“He told me, ‘You know what, Ebony, you’re in the service, but I believe in you. It’s time for you to separate and focus on your education. It’s time for you to be that person we know you can be.’ So that’s what I did. I (joined the Palace Chase program).”
Shannon focused on getting her education and would eventually end up at Ramstein with her husband.
“I am thankful for my husband because I got my education,” she said. “I moved through my bachelor’s degree and two master’s degrees. I didn’t know where I was going to end up with all this education, but I ended up at the medical group.”
Being a training instructor for the 86th MDG put her foot in the door and gave her the ability to observe and learn more about the medical field. She didn’t give up on her dream of becoming a doctor, and once again, there was someone who saw potential in her.
“Maj. Jeffrey Schuler saw something in me I never did,” Shannon said. “He said to me, ‘There’s this program for you. If you have it in you, you should apply. It’s hard. You’ll probably kick me for making you do it, but I believe you can.’ Even though I didn’t make it the first year, he pushed me again to do it the second year.”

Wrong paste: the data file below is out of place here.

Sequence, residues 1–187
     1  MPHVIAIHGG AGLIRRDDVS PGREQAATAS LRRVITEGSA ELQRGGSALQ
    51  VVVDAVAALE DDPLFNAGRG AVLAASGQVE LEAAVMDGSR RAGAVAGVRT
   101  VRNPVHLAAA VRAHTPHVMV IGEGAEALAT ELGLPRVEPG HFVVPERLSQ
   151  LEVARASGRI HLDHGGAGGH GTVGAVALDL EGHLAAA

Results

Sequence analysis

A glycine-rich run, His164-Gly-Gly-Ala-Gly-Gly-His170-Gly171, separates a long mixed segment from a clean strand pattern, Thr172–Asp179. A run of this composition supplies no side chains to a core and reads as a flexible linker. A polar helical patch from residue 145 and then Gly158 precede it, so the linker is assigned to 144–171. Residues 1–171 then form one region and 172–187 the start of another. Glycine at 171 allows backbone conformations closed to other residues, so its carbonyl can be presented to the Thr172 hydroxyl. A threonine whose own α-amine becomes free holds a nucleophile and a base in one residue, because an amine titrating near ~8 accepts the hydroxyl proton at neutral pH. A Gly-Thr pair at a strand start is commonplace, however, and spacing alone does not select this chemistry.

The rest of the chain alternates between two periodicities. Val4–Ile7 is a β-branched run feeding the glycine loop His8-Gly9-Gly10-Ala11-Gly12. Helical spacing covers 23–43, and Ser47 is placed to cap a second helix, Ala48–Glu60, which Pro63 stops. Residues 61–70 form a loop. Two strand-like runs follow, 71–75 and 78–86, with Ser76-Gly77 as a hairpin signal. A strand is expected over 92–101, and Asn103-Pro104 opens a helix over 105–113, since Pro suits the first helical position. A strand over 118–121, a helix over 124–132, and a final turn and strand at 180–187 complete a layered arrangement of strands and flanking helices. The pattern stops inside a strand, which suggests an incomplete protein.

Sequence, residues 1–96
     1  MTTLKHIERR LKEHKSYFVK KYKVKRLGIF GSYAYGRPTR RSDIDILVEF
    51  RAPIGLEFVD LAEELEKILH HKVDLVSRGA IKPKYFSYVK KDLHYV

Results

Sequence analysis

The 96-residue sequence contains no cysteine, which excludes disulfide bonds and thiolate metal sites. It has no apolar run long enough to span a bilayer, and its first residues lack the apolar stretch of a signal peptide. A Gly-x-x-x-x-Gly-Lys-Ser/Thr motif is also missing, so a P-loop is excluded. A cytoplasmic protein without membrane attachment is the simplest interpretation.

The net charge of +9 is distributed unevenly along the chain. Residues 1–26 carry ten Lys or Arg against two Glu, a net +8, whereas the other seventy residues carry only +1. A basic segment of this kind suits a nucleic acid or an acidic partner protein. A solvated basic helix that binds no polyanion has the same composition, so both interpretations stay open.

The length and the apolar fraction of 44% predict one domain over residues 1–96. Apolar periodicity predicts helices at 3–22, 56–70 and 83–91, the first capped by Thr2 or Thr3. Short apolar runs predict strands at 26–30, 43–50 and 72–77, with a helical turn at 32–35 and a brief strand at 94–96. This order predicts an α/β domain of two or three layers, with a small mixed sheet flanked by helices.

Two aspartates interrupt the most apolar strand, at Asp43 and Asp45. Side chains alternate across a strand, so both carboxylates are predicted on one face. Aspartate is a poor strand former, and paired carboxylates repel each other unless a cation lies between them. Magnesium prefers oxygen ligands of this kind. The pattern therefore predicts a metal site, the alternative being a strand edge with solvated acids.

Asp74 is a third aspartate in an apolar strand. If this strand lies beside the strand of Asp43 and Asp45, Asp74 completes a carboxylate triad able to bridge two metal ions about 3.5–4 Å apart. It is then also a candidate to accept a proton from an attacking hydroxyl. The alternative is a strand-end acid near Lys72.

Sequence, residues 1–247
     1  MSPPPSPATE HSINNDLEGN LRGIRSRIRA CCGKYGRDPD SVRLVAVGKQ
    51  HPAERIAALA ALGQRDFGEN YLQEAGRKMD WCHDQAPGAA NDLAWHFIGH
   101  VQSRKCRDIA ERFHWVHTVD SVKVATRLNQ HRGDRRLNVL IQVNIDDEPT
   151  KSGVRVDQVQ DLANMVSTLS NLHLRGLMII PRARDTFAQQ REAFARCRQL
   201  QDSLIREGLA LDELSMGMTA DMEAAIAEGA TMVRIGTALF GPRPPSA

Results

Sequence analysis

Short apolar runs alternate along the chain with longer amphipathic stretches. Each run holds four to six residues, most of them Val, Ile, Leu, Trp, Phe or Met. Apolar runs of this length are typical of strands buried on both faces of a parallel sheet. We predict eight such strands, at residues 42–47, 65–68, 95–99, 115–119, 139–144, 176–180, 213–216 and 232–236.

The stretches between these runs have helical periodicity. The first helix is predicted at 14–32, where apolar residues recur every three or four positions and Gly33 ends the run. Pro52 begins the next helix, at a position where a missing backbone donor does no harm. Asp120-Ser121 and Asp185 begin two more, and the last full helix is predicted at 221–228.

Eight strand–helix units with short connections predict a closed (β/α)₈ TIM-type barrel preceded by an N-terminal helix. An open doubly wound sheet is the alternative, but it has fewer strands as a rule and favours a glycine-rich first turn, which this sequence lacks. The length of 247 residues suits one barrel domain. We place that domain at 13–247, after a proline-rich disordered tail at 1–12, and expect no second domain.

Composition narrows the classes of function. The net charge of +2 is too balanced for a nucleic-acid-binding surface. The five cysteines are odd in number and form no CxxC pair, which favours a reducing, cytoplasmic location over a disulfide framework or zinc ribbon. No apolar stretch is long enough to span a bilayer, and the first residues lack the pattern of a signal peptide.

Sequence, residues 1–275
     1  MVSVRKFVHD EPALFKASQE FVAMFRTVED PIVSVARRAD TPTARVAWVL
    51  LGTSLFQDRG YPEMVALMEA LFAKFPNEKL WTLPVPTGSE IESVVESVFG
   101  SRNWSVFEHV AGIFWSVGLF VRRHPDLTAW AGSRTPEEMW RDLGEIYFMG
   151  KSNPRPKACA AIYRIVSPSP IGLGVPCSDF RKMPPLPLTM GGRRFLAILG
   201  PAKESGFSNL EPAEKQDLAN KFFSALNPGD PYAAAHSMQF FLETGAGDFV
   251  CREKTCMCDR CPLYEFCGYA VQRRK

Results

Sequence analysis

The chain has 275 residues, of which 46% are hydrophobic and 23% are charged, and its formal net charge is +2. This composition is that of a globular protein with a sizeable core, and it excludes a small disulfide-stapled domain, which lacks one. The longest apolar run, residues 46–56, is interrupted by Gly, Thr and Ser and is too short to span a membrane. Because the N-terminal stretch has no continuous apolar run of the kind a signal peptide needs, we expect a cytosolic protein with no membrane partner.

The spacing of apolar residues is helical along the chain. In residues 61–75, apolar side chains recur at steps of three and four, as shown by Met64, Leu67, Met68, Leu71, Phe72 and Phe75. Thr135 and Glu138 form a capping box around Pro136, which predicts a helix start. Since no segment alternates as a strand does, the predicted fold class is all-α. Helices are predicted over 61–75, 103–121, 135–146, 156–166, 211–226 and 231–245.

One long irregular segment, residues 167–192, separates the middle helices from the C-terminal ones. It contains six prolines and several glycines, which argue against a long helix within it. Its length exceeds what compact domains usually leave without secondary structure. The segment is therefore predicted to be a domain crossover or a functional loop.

If Shannon hadn’t tried again, it’s possible she would have missed her chance. She took advantage of her window of opportunity and finally reached her ultimate dream — a goal she had set at the age of 4.
“My recruiter called me,” Shannon said. “He said to me, ‘Hello, Mrs. Ebony. Oh, I’m sorry. Hello, Lieutenant Shannon. Welcome back to the United States Air Force. You will be serving in the Medical Service Corps.’ Two days later, I got a call from my career adviser from school. He said to me, ‘Congratulations. Your Ph.D. has been approved. Welcome to the Ph.D. program.’ In one week, I received two lifetime goals. In one week, I figured out I could still be a doctor. My dream had come true.”
From a traumatizing childhood to living out her greatest aspiration, Shannon is a true success story. She proves when obstacles stand in the way of your desires, you can conquer them and never let them keep you from your full potential.
“I say to anybody who is going through anything, if you ever look up and see one door has closed, don’t give up,” she said. “There will always be a window open somewhere.”